- Level: International Baccalaureate
- Subject: Maths
- Word count: 1734
The Fish Pond
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Introduction
The Fish Pond
In this activity I will be using the information given to me about this specific fish pond, to create and solve an equation that will represent the amount of fish I will raise and afterwards sell at the local market. In order to do this in an efficient and cost effective manner, I will need to determine the pond’s carrying capacity which can also be referred to as the maximum population that the pond is capable of sustaining in the long run. I will do this by using the scaled map of the pond and the given information:
- An average depth of 1.5 meters
- One fish requires 37 to grow to its maximum size and does so in one year.
- The first step in solving for the maximum population would be to estimate the surface area of the pond by each of the following methods::
- Use the sum of the areas of three different triangles:
By calculating the area of each of these triangles and then adding them together we can estimate the pond’s surface area.
Area of a triangle = ½ bh, where b is base and h is height
Area of : Given that AC=1220 m it can be used as the base of the triangle
Height can be calculated by finding a line perpendicular to the base passing through a vertex of
the triangle, B.
AC → B = 3.3 cm
3.3cm100 = 330 m
Middle
4th rectangle = 100 m • 940 m = 94,000 m
5th rectangle = 100 m • 1050 m = 105,000 m
6th rectangle = 100 m • 520 m = 52,000 m
7th rectangle = 50 m • 450 m = 22,500 m
When all areas are added, the estimated surface area of the pond = 558,500 m
- Use the area of trapezoids.
After measuring the lengths of the parallel sides and the heights of the all the trapezoids, the values are plugged into the equation to solve for their areas.
Area of a trapezoid = ½ (a + b) h where a and b are the parallel sides, h is the height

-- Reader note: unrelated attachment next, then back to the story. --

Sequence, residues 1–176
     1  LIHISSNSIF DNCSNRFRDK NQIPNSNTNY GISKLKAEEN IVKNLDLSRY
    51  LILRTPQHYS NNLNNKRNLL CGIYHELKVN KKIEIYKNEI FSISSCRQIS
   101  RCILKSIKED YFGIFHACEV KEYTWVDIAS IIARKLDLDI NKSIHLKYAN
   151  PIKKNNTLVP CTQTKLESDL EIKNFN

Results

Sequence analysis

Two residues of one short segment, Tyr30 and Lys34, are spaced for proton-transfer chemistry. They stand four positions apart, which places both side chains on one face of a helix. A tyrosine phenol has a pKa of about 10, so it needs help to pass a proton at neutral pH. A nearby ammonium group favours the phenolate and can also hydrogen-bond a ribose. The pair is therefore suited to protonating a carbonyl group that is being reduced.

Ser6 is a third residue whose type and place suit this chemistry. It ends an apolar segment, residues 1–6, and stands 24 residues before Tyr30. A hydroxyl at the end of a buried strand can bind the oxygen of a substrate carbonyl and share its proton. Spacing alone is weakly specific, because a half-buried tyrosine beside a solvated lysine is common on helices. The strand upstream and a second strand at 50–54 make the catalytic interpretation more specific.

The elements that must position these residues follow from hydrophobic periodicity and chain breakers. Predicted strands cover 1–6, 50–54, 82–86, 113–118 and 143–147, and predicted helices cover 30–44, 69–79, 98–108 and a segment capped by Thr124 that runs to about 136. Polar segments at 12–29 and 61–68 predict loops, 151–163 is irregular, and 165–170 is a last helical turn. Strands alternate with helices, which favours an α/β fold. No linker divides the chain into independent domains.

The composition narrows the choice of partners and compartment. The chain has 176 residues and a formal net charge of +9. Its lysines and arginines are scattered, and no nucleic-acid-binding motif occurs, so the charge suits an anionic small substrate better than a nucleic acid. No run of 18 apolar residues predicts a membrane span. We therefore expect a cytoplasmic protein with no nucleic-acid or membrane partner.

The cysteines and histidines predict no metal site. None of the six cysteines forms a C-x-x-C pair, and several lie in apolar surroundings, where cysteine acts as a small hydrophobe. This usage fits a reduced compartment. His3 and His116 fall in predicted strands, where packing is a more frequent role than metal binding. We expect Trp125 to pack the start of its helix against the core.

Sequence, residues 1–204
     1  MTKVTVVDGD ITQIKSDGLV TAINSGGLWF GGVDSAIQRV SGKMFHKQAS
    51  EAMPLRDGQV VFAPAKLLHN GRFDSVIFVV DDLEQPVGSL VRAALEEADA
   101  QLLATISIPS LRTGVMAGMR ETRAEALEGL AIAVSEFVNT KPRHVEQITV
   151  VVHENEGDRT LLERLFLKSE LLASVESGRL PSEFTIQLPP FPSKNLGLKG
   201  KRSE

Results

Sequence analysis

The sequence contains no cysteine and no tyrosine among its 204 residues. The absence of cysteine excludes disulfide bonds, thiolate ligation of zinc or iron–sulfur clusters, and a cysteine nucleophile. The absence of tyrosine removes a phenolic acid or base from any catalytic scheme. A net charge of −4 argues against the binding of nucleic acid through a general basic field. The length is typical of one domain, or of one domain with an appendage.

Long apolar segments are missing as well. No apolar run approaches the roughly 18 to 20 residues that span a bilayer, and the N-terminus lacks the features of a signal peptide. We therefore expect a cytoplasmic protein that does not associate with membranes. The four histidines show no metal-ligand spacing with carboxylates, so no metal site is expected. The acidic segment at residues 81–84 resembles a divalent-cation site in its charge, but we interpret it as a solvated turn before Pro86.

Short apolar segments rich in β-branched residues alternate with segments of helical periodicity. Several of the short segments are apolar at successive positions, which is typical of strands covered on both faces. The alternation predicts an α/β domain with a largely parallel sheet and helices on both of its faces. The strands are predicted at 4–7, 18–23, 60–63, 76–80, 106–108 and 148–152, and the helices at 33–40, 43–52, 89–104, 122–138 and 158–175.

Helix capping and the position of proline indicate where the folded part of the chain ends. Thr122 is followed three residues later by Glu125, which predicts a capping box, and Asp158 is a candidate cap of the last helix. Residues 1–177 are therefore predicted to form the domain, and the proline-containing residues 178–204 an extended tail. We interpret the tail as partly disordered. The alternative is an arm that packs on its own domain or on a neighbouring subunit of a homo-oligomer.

1st trapezoid = ½ (500 m + 1010 m) 100 = 75,500 m
2nd trapezoid = ½ (1010 m + 1070 m) 100 = 104,000 m
3rd trapezoid = ½ (1070 m + 1030 m) 100 = 105,000 m
4th trapezoid = ½ (1030 m + 1050 m) 100 = 104,000 m
5th trapezoid = ½ (1050 m + 1050 m) 100 = 105,000 m
6th trapezoid = ½ (1050 m + 500 m) 100 = 77,500 m
7th trapezoid = ½ (520 m + 200 m) 100 = 36,000 m
After getting the area of each trapezoid and adding the areas up, the estimated surface area of the pond = 607,000 m
- Which of the three above methods do you consider to be the most accurate? Why?
After looking at the results of the three different methods of finding the total surface area of the pond, the most accurate way seems to be the trapezoids. One reason would be that its shape fits best to fit into the overall shape of the pond. The areas that the trapezoid may go out of the pond, compensates for those areas that are not covered in the equation.
Conclusion
Logistic Model Graph
A
t
Equation Value Chart
t= | A= |
3 | 14,085 |
6 | 116,796 |
9 | 229,042 |
12 | 244,856 |
15 | 245,998 |
18 | 246,075 |
21 | 246,080 |
24 | 246,081 |
27 | 246,081 |
30 | 246,081 |
- At what time do you think the fish population will be growing the fastest?
I would have to say that the fish population would be growing the fastest before it reaches its carrying capacity at 246,081. One reason being that the growth rate of the fishes is increasing, as it is getting closer to the carrying capacity, and when it finally reaches it limited resources will inhibit further growth. As seen in the graph as time goes by the population continues to increase, until the limitations start to make an impact.
8. Some of the methods I will use to efficiently and effectively conduct business would be to uphold a certain minimum number of fish in the pond at all times. This way I will never be too low on fish and lose profit when there is not enough. I could do this by figuring out when I will have to restock to maintain a good amount of fish. Another way would be to make sure there is enough harvesting as well so that the fish pond does not meet its capacity too soon and overpopulate as well. Above all would be to pay attention to the patterns in the fish population and the factors that my cause it to change, like weather for example. If I want to continue to harvest fish and be successful, only through these processes will I be able to do so.
This student written piece of work is one of many that can be found in our International Baccalaureate Maths section.
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